The University of Wisconsin-Whitewater Fiscal and Economic Research Center (FERC) was contracted to conduct analysis of the economic impact of the remaining amounts to be spent on the highway improvements and the growth of ancillary businesses in the affected communities.
The four projects analyzed are I-39/90 from Madison to the Wisconsin-Illinois state line, U.S. Highway 10/State Highway 441 in the Fox River Valley, U.S. Highway 151/Verona Road on Madisonís west side, State Highway 23 between Fond du Lac and Plymouth.
Key findings of the report include:
- The four road projects investigated in this study are expected to have a combined, short-term impact on Wisconsinís economy of close to $3 billion from the construction of the projects.
- The construction activity will lead to the creation of over 4,100 jobs in the state from the road construction industry and their suppliers.
- After completion of the projects, businesses will benefit by almost $185 million annually as a result of increased accessibility, reliability and road quality.
- The increased business will support more than 1,700 jobs going forward.
The Wisconsin Department of Transportation has announced the delay, by at least two years, of the four projects in the study and one other project not included.
Looking at average annual construction inflation over the last fifteen years and the remaining amount to be spent on these projects, TDA estimates each year of delay could increase the total cost of the projects by $80 million.
The report was part of TDAís efforts to bring press coverage to these delays and the costs associated with failing to address Wisconsinís ongoing transportation funding issue.
Congress Passes Extension of Surface Transportation Programs
Congress has approved an extension of the current authorization for surface transportation programs to November 20. President Obama is expected to sign the measure.
The bill also includes a three-year extension for the implementation of positive train control, with individual railroads eligible for two one-year extensions at the discretionary of the Secretary of Transportation.
Congress now has three weeks to come to agreement on a long-term bill before heading out for a week-long Thanksgiving holiday break.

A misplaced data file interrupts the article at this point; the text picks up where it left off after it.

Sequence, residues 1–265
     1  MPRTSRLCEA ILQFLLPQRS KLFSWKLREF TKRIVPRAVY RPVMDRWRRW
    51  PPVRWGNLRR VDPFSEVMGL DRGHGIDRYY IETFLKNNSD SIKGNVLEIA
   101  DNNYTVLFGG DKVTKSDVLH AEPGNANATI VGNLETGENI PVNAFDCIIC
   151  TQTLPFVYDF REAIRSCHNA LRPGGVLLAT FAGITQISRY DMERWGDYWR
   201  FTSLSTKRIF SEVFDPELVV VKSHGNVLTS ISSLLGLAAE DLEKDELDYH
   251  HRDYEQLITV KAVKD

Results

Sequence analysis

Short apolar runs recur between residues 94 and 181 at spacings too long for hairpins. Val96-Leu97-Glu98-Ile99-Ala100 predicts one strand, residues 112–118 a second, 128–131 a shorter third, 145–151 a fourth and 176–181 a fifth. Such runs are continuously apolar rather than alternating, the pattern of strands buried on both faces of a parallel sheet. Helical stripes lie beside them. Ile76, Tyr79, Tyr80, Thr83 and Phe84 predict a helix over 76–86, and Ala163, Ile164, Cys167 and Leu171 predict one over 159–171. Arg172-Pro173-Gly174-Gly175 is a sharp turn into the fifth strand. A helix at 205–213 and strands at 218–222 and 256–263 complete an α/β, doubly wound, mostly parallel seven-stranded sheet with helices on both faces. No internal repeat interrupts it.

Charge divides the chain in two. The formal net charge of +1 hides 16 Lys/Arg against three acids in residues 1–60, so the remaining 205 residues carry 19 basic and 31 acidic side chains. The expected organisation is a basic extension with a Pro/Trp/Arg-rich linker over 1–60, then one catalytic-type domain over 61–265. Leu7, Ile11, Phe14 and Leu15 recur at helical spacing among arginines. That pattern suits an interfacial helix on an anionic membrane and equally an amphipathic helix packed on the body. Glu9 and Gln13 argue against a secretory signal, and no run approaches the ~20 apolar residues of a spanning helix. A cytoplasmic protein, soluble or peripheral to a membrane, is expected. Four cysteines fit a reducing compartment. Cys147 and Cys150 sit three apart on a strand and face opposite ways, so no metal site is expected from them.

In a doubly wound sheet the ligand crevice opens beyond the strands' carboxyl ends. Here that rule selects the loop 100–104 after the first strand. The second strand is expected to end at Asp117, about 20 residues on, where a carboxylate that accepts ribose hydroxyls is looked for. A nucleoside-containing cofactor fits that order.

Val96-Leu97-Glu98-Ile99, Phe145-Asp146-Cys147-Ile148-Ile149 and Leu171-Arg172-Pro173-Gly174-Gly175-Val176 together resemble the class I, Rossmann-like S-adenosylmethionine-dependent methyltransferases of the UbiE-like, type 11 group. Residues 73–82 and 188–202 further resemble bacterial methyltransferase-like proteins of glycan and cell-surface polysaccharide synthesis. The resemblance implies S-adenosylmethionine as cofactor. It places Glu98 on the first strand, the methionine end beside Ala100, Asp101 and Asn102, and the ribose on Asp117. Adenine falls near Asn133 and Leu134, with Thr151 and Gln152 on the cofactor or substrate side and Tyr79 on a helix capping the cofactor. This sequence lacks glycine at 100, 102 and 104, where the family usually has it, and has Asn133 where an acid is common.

Next week, the House is expected to take up the reauthorization bill passed by the House Transportation & Infrastructure Committee on October 22. The six-year bill, the Surface Transportation Reauthorization and Reform Act (STRRA), primarily keeps programs at current funding levels with inflationary increases, while the Senate bill includes approximately $16 billion in additional spending.
Before the House bill can go to the floor, someone has to come up with a way to pay for the spending in the bill. According to the Congressional Budget Office, a bill at baseline spending levels, like the House bill, will require an additional $32 billion in order to fund the first three years of the bill and $75 billion for the entire duration of the bill. As repatriation seems to have fallen to the wayside, the House “payfors” will likely be similar to the ones contained in the Senate bill passed in July.
Like the Senate-passed DRIVE Act, the House bill provides six years of contract authority but has a mechanism to prevent any funding in the last three years if there is not a subsequent infusion of cash to fund the last three years.
With the budget deal reached and the debt-limit crisis averted in the short term, it is possible Congress will pass a surface transportation reauthorization this year. Just not one with funding levels necessary to address our nation’s infrastructure backlog or a sustainable funding source.
Interesting News Coverage
NBCNews.com, October 26, 2015 – “Transport system shrinks as agencies stop fixing rural roads, bridges"
FinanceCommerce.com, October 26, 2015 – “Report: Businesses [Minnesota] oppose new transportation taxes”
WPR.com, October 22, 2015 – "How should Wisconsin pay for road construction and repair?"
Detroit Free Press, October 21, 2015 – “House [Michigan] passes sweeping roads plan raising gas tax, fees”
TireBusiness.com, October 20, 2015 – “ATA poll shows widespread support for infrastructure investment”
The Hill.com, October 13, 2015 – “Poll: 70 percent of US residents want more road funding”
U.S. News and World Report, October 8, 2015 – “Bringing 'Sexy' Back to Infrastructure. American infrastructure is doomed to dilapidation without more interest in paying for necessary upgrades”
The Pew Charitable Trusts, October 7, 2015 - "Is this the way states can sell tax hikes for transportation?"
Jerry Derr TDA's 39th President
Jerry Derr from the Town of Bristol was elected the Transportation Development Associationís 39th president at the annual business meeting held in Madison last month. He will serve a one-year term.
Derr, a lifelong resident of Dane County, has served on the Town of Bristol Board for almost 40 years and been chairman for thirty of those years. He has also been active in many Dane County and statewide organizations including: the Dane County Towns Association, the Wisconsin Towns Association, and the Wisconsin County Mutual Insurance Corporation.
He was first elected to the TDA Board in 2008 and joined the organizationís executive committee in 2011.
Other members of the 2016 TDA Executive Committee:
- 1st Vice President: David Brose, EMCS
- 2nd Vice President: Bill Johnson, Johnson Timber Corporation
- Secretary: Tom Bressner, Wisconsin Agri-Business Association
- Treasurer: Tim Peterson, James Peterson Sons, Inc.
- Immediate Past President: Barb LaMue, Wisconsin Economic Development Corporation
Calendar of Events
- WisDOT Freight Rail Conference: Tuesday, November 17th.†Register†today.
- Midwest Transportation Workforce Summit: December 7th-8th. †Click here†for more information and to register.
- TDA Fly-in 2016: April 6th-7th†